12. Taking out a policy to cover the risk of the owner has been made compulsory under the provisions of the Act and therefore has come into existence as a class of policy known as ‘Statute Policy’. A Statute Policy goes much beyond a contractual policy and imposes the liability on the insurer as can be seen from the provisions of the Act and not merely to meet such liabilities which are contractual. When taking out a policy to cover the minimum risk which the owner has to meet in the event of the vehicle causing an accident while put to use on a public road being with the sole object of providing a commensurate assurance and cover to the persons claiming damages i.e., the victims of accidents involving the use of motor vehicle on public roads, in understanding and interpreting the provisions it should be so as to achieve and serve this purpose of providing succor to the third party victims and not to find ways and means: technical and otherwise, to allow the indemnifier to get out of this liability and inturn to deprive the benefit to the third party victim who is the focus of the legislative provisions and the purpose and the intention of the legislature, cannot be and should not be frustrated by administrator and Judges in the Court by being insensitive to the legislature scheme.
13. Though Mr.Kayakamath, counsel for the Insurance Company has placed reliance on the judgment of the Supreme Court in the case of DEDDAPPA AND OTHERS VS. THE BRANCH MANAGER, NATIONAL INSURANCE CO., LTD., (CDJ 2007 SC 1353) to contend that a situation where due to non-payment or dishonouring of the cheque, the policy gets cancelled, there cannot be any liability fastened on the Insurance Company, I find that the ratio of this case is not applicable to the facts of this case, particularly as the Insurance Company had not taken full and proper measures to ensure that the Insured had been properly apprised of the cheque having been dishonoured and having not made efforts to realise the amount otherwise also thereafter. Therefore, I am not persuaded to accept that the ratio of the judgment of the Supreme Court in Deddappa’s case covers the present facts.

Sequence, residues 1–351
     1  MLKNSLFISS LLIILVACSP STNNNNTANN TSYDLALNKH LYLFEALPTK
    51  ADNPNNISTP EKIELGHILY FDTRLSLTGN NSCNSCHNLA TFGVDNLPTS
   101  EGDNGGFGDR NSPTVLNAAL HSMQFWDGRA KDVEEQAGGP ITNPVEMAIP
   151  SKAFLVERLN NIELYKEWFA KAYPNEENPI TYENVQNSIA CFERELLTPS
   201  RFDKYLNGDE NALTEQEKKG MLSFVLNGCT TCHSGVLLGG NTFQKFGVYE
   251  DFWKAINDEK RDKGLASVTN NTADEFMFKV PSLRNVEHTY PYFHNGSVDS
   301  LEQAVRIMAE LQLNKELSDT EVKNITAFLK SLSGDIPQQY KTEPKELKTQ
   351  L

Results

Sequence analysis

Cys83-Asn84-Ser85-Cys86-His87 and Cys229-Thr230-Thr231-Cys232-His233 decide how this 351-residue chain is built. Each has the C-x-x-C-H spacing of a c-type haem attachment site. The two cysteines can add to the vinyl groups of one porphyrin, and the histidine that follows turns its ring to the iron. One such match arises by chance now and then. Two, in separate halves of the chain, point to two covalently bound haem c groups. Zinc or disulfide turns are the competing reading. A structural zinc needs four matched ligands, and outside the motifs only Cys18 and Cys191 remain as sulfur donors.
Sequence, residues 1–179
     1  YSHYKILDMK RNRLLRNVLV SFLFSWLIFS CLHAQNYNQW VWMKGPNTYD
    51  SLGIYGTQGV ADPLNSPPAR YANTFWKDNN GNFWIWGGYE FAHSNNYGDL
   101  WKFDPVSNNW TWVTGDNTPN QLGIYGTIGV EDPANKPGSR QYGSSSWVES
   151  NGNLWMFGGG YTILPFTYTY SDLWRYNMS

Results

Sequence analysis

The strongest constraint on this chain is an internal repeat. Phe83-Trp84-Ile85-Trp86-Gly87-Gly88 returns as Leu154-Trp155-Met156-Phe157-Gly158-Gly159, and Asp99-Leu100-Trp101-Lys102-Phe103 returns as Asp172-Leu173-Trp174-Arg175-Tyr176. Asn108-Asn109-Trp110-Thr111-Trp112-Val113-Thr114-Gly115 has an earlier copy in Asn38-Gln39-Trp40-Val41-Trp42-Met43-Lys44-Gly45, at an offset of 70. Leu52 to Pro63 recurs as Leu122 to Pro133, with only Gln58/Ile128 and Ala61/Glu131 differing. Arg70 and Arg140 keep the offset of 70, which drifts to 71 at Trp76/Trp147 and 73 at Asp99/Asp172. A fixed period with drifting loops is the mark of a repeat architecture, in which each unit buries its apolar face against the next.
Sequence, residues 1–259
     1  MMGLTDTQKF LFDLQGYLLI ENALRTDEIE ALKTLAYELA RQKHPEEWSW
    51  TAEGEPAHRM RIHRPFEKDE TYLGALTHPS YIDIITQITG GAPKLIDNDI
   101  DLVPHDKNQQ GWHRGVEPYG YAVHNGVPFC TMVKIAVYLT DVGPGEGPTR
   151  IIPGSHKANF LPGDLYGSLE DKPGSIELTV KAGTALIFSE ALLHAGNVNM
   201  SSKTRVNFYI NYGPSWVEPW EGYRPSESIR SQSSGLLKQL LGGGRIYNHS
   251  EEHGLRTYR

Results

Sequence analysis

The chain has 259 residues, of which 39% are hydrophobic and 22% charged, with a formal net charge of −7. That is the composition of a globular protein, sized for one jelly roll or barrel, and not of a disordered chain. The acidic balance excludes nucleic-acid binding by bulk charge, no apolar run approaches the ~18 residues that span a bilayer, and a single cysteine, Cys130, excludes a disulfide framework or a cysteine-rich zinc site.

14. In the circumstances, I find that the Tribunal was justified in quantifying the amount at Rs.23,520/-. There is not much scope to enhance this amount nor any necessity to allow the Insurance Company to wriggle of this liability. Therefore both the appeal and the cross objection are dismissed.